C ITES supports UNODC-led PATROL cross-border law enforcement training programme in Cambodia and Viet Nam

In what would have appeared to any bystander the shooting of a scene for a James Bond movie, an arrest team quickly entered the scene and arrested a group of traffickers dealing in ivory carvings, rhino horn and heroin. The border officers in Cambodia had previously informed the police of their crossing checkpoint and the traffickers had been watched and followed as they met in a border town in Viet Nam to exchange the goods. Afterwards, evidence would be presented to a prosecutor and an investigation against the international criminal network involved in the smuggling would be set in motion.

Officials acting as smugglers transfering rhino horns during a PATROL training programme for front-line border officers   Simulated arrest of two traffickers by Viet Nam border law enforcement officers in a UNODC PATROL training

This was part of a scenario where undercover officers posed as traffickers in a series of anti-smuggling training courses for law enforcement officers working along and across borders of Cambodia and Viet Nam. The courses were conducted by the United Nations Office on Drugs and Crime (UNODC) from 1 to 12 October in Cambodia and from 29 October to 9 November in Viet Nam, as part of the UNODC PATROL (Partnership Against Transnational-crime through Regional Organized Law-enforcement) Programme.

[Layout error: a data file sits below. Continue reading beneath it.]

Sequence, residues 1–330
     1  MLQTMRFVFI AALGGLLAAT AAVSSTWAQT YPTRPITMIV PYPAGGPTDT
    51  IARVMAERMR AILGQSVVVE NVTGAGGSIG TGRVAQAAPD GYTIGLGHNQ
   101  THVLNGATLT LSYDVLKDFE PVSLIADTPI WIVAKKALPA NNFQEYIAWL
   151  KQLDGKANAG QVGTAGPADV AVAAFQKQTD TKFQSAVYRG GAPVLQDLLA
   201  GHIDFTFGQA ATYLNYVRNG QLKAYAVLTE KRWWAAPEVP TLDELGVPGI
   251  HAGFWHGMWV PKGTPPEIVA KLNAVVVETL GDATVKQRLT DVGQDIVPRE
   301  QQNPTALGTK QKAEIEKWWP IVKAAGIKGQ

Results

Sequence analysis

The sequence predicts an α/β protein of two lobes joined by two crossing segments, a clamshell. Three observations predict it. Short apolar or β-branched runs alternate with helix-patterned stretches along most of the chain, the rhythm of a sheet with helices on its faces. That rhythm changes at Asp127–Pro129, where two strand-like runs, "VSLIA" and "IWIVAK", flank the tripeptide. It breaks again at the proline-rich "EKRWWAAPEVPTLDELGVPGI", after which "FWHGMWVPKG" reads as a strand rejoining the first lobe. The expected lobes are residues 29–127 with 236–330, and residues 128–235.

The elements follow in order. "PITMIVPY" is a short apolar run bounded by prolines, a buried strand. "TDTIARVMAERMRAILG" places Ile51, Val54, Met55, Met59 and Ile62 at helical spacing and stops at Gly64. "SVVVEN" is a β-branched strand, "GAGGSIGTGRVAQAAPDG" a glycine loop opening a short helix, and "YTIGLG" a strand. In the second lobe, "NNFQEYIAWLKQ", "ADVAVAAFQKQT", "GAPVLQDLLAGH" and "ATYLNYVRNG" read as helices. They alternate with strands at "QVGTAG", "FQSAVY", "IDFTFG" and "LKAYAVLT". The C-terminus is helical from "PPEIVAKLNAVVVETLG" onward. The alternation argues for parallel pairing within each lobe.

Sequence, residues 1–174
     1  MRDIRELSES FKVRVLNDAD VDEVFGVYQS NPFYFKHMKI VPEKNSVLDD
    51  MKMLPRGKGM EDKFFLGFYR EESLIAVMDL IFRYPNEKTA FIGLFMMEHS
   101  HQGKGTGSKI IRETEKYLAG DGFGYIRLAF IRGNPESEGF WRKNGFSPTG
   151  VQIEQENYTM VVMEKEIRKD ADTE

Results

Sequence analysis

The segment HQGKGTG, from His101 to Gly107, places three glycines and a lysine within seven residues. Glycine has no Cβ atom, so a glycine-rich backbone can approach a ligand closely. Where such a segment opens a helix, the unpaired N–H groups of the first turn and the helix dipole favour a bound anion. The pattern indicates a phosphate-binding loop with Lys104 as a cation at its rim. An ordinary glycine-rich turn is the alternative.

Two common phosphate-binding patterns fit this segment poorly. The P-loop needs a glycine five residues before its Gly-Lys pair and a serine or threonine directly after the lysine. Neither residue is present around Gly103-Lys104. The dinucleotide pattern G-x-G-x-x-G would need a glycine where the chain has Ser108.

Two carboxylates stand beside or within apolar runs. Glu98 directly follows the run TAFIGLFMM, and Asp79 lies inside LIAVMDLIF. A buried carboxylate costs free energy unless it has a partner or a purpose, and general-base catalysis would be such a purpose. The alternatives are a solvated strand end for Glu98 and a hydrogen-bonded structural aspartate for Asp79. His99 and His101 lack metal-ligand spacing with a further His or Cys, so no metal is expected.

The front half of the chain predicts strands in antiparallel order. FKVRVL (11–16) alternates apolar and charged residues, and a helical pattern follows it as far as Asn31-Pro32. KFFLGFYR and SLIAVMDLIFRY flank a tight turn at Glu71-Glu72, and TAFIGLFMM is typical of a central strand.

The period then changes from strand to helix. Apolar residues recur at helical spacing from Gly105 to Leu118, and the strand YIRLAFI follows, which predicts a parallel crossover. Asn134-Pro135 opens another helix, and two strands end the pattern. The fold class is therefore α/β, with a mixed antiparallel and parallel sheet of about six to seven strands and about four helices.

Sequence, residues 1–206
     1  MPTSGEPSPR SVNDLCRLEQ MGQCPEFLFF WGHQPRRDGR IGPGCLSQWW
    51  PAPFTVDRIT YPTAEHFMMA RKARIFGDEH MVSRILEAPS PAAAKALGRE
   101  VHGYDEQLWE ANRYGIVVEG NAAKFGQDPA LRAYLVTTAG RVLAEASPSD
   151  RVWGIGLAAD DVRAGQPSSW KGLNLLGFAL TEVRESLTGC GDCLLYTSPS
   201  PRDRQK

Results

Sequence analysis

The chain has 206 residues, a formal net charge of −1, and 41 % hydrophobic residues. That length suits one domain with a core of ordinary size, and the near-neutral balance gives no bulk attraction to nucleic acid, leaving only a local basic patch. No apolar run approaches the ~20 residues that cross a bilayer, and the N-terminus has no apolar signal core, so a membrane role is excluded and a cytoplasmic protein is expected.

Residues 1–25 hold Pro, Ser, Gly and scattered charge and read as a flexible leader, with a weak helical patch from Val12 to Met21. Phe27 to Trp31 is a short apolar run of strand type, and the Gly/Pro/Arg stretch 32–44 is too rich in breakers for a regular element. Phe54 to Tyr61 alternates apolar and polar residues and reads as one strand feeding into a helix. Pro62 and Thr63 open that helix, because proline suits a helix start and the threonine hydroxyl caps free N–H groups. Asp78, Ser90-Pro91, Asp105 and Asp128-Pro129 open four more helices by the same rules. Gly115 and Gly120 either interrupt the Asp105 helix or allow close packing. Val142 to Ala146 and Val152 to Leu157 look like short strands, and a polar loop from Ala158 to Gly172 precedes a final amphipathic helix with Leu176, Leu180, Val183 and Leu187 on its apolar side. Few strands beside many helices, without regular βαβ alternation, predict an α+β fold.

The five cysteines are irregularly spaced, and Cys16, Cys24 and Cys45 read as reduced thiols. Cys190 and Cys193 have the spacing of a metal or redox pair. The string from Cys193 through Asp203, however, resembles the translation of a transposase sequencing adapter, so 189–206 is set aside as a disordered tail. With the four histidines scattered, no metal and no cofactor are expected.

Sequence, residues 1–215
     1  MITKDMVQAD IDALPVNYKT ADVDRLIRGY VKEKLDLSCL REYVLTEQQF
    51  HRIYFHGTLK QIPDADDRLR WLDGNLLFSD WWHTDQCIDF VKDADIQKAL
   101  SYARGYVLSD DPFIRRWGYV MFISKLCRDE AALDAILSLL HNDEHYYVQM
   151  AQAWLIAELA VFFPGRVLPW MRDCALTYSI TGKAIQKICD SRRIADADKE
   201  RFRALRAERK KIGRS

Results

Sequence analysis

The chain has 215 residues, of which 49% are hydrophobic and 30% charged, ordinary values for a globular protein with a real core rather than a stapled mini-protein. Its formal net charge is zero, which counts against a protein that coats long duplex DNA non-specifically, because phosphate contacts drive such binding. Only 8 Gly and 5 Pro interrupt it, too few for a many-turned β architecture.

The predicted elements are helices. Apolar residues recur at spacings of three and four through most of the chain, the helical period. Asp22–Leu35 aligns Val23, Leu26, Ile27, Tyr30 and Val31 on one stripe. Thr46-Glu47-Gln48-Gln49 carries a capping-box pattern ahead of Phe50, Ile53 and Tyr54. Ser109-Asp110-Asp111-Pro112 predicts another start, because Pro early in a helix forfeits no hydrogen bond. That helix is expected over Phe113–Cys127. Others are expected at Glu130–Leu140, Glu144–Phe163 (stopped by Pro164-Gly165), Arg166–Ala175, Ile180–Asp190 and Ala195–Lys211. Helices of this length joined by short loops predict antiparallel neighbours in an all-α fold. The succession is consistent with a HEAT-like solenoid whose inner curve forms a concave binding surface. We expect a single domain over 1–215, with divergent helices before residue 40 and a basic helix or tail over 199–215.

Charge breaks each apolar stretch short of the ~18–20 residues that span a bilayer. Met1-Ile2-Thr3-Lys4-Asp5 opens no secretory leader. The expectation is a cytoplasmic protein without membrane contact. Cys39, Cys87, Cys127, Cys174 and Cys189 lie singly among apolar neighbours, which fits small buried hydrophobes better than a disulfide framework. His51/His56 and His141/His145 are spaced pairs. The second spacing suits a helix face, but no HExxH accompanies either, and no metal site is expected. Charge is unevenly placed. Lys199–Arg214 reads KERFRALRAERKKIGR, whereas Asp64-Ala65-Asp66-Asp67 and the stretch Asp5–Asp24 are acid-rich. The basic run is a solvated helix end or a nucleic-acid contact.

The two-week events combined theory with live simulation of criminal activities, investigation and the collection of evidence. The main objectives were to enable border officers to tackle all transboundary criminal activities and to improve the effectiveness of investigations against crossborder crimes in Southeast Asia.

Cambodia border officers conduct a simulated search of a car suspected of smuggling rhino horns   Evidence collection at the crime scene

The training was delivered by a wide range of experts from all over the world, including people from immigration services, the police, Customs and forestry departements, and instructors from the Australian Federal Police and Department of Environment and Conservation, the Canadian Ministry of Environment, UNEP, UNODC and the Freeland Foundation.

The training events were supported by the Department of Immigration and Citizenship in Australia, the United Nations Environment Programme (UNEP) and the Secretariat of the Convention on International Trade in Endangered Species of Wild Flora and Fauna (CITES). CITES support was possible through funding from the European Commission as a part of CITES efforts to help build the capacity of national enforcement officials.

The training was delivered by a wide range of experts from all over the world, including people from immigration services, the police, Customs and forestry departements, and instructors from the Australian Federal Police and Department of Environment and Conservation, the Canadian Ministry of Environment, UNEP, UNODC and the Freeland Foundation.